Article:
Another fired prosecutor, Paul Charlton of Arizona, sends an urgent e-mail message to the Justice Department, asking that its spokespeople help explain to the news media why he was being fired, instead of his speaking to reporters himself.

The dismissed prosecutors sound like jilted lovers, trying to salvage whatever dignity they can after the abrupt termination of a long-term relationship.
Two quibbles with the article. First, one of the sources quoted, Professor Bruce Green, is identified as “a former assistant federal prosecutor.” He should have been identified as a “former federal prosecutor,” since that’s what he was (or a “former assistant U.S. attorney,” if one wanted to be more technical about it).
(The taxonomy of titles relating to U.S. attorneys and AUSAs is so frequently messed up. For example, former line attorneys get called “former U.S. attorneys” with regularity. It’s a pet peeve of ours.)
Second, Carol Lam, former U.S. Attorney for the Southern District of California (S.D. Cal.), is credited with the Jerry Lewis investigation. We’ve been through this already, people: you’re thinking of Debra Wong Yang. See here and here.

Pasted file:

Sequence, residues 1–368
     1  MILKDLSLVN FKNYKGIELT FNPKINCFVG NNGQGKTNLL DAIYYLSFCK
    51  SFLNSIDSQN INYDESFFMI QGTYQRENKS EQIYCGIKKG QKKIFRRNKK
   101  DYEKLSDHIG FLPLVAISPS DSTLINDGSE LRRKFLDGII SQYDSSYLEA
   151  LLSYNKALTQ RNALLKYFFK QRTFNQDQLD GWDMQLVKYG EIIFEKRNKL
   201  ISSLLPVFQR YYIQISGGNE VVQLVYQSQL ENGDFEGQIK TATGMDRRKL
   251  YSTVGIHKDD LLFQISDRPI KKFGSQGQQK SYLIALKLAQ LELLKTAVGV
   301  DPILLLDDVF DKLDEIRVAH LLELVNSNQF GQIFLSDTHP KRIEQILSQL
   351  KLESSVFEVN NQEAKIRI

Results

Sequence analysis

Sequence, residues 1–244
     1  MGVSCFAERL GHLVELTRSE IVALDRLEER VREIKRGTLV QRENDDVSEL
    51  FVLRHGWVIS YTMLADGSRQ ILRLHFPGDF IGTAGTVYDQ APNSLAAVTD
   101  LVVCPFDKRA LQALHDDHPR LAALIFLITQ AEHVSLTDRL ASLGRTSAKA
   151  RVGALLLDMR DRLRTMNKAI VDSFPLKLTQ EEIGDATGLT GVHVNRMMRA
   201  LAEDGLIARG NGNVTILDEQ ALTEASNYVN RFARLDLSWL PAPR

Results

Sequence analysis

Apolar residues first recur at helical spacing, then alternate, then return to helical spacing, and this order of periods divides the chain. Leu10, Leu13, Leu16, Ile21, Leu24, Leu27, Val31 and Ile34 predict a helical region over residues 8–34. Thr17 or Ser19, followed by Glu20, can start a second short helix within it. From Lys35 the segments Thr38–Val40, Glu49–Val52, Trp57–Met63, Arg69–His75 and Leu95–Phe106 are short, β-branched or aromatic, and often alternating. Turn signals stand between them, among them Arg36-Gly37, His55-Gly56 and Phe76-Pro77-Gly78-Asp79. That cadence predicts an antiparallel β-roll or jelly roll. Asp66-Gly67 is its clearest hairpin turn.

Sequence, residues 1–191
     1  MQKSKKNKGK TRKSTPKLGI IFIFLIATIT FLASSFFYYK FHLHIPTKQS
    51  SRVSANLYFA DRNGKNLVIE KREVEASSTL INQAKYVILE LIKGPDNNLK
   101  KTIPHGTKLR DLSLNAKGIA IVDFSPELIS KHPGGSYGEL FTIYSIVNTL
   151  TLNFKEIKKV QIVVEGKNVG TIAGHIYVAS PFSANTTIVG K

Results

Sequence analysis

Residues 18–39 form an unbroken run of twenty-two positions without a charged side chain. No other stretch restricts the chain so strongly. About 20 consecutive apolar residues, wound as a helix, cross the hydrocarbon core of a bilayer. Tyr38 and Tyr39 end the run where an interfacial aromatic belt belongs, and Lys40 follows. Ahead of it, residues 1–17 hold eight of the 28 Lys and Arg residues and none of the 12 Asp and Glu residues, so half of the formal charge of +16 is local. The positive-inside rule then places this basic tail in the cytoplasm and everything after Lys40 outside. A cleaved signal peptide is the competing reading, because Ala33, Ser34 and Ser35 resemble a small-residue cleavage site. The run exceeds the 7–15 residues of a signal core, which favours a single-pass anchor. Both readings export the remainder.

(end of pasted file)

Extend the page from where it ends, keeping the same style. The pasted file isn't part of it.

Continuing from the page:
Please get your Asian female prosecutors straight. Thank you.
Gone Is the Swaggering Prince of Prosecution [New York Times]
Carol Lam: Not Targeted Over the Jerry Lewis Investigation [Patterico's Pontifications]
Earlier: All Asian Female Prosecutors Look Alike — to Chuck Schumer

Carol Lam 3 Carol C Lam Southern District of California San Diego Yale College Stanford Law School.JPGDebra Yang Debra Wong Yang Above the Law blog.jpgHere are three fun facts:

1. Until her controversial ouster, Carol Lam (far right) was the U.S. Attorney for the Southern District of California (San Diego).

2. Until she was tempted away from government service by a $1.5 million offer from Gibson Dunn, Debra Wong Yang (near right) was the U.S. Attorney for the Central District of California (Los Angeles).